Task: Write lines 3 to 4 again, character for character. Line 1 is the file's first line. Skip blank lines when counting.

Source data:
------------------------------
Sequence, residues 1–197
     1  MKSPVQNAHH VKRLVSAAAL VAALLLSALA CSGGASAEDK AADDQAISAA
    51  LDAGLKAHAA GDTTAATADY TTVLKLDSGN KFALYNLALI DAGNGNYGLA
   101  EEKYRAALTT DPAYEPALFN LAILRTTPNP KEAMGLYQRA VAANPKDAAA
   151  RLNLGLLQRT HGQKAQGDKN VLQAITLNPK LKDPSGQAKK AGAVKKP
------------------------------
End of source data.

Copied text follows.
    51  LDAGLKAHAA GDTTAATADY TTVLKLDSGN KFALYNLALI DAGNGNYGLA
   101  EEKYRAALTT DPAYEPALFN LAILRTTPNP KEAMGLYQRA VAANPKDAAA